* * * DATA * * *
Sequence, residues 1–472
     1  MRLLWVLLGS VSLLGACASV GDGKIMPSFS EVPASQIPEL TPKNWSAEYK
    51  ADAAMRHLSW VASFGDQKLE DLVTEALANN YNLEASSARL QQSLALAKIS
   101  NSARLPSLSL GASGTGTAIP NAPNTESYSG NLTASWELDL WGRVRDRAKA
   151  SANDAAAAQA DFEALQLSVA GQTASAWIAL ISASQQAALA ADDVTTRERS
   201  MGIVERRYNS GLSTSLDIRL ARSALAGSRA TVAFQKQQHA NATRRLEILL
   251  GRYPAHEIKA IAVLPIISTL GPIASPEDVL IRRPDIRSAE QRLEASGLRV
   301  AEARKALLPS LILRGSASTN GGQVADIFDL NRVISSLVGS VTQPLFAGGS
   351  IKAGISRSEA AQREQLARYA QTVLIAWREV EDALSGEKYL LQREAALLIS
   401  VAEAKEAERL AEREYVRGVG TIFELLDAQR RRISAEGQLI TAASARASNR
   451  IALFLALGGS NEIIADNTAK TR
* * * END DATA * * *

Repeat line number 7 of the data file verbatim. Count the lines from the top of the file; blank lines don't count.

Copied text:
   251  GRYPAHEIKA IAVLPIISTL GPIASPEDVL IRRPDIRSAE QRLEASGLRV